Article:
PSC 231 Money in Politics

Political Science Field: American Politics
Typically offered rarely

Lynda W. Powell
Spring 2013 ("W" Required) — T 14:00-16:40

Course Syllabus

We will examine two main questions: How much influence does money have in determining who seeks and who wins elective office? How much does money spent on contributions and lobbying influence government actions and policies? Political scientists have reached no consensus on the answers to these questions. We will examine the literature that debates these and closely related issues. Because many of the studies use quantitative methods, all students should have completed a basic statistics course. (This need not be a political science methods course.) Students should have a good basic understanding of American government. The course will be a small seminar and will use a discussion format. Each student will be expected to read the assigned material before class, and to take turns summarizing and critiquing particular readings, as well as participating in class discussion. Grades will be based on class discussion, on written and oral brief presentations on the readings and on a final research paper.

Lynda W. Powell
Spring 2011 ("W" Required) — T 14:00-16:40

Course Syllabus

We will examine two main questions: How much influence does money have in determining who seeks and who wins elective office? How much does money spent on contributions and lobbying influence government actions and policies? Political scientists have reached no consensus on the answers to these questions. We will examine the literature that debates these and closely related issues. Because many of the studies use quantitative methods, all students should have completed a basic statistics course. (This need not be a political science methods course.) Students should have a good basic understanding of American government. The course will be a small seminar and will use a discussion format. Each student will be expected to read the assigned material before class, and to take turns summarizing and critiquing particular readings, as well as participating in class discussion. Grades will be based on class discussion, on written and oral brief presentations on the readings and on a final research paper.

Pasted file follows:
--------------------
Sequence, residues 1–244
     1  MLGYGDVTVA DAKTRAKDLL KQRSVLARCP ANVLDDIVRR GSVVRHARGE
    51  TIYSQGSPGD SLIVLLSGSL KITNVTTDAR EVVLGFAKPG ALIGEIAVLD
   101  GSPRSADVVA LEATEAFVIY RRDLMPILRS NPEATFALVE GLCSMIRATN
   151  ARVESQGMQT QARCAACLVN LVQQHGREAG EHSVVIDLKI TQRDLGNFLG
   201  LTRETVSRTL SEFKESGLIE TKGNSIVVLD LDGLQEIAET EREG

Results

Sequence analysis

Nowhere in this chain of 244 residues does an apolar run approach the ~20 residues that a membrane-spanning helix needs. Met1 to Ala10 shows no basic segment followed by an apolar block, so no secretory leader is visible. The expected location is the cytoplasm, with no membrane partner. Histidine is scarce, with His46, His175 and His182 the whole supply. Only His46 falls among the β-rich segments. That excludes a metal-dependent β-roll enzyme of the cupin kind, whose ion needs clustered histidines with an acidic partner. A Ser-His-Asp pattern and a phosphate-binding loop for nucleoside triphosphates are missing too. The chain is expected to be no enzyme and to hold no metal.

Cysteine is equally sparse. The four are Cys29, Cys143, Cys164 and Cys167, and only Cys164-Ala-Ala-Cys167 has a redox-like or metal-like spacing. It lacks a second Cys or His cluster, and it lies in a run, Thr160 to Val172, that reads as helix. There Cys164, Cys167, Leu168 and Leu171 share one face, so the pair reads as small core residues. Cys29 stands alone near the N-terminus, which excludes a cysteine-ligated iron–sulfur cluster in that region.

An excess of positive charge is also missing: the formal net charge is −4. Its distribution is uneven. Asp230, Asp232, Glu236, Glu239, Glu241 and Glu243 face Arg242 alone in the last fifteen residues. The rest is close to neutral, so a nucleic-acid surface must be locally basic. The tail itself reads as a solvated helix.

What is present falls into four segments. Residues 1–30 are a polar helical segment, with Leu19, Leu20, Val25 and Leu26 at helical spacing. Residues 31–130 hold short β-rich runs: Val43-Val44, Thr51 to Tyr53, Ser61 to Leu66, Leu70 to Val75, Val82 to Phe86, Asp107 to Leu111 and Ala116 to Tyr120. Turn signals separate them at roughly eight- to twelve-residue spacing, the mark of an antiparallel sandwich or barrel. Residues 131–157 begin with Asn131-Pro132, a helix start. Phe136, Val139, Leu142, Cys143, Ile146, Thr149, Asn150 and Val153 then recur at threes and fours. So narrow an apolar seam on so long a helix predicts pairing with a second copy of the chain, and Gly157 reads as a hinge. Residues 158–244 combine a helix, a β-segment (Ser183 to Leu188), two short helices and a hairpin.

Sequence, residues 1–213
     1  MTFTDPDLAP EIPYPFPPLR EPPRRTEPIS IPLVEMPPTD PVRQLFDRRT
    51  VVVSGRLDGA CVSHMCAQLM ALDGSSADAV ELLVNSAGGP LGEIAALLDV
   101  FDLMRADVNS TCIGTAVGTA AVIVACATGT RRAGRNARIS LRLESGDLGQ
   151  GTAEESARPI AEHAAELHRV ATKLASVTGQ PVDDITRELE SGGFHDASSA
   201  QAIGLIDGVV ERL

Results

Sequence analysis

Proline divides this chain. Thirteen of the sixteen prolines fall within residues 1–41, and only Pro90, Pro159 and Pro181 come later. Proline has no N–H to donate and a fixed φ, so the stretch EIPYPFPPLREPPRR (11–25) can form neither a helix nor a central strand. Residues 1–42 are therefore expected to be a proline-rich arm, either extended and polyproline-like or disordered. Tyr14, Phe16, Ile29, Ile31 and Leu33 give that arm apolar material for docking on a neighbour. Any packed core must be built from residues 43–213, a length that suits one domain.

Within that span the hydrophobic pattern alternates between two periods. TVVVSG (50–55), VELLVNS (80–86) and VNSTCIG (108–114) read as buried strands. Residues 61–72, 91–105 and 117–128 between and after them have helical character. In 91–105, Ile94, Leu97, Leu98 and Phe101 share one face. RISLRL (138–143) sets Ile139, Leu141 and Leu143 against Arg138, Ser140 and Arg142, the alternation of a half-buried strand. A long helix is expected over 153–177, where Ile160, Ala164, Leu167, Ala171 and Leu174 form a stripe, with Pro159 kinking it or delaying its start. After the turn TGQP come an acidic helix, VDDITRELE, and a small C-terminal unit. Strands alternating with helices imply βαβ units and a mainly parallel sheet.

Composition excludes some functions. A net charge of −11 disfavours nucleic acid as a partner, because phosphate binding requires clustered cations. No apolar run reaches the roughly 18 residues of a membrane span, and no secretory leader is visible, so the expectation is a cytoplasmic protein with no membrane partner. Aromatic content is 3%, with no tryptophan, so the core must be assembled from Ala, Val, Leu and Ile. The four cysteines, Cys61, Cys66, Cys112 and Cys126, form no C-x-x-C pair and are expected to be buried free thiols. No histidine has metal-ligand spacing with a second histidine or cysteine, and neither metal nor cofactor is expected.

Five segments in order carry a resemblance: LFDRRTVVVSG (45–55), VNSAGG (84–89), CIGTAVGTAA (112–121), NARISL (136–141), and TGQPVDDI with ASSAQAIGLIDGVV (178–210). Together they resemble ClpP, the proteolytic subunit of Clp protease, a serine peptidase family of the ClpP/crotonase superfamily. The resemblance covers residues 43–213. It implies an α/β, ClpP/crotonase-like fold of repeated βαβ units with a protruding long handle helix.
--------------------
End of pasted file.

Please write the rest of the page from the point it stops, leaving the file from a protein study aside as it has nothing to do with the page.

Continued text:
David Primo
Fall 2004 ("W" Optional)

Course Syllabus

This seminar will examine the role of money in the U.S. political process. Topics include the historical development of campaign finance law, the electoral effects of campaign spending, the effects of campaign contributions on public policy outcomes, and various reform proposals (including the 2002 Bipartisan Campaign Reform Act). The institutions responsible for the creation, enforcement, and interpretation of campaign finance law will also be analyzed. Students will be asked to think critically about concepts such as equality, liberty, and representation, which drive the questions and debates in this area.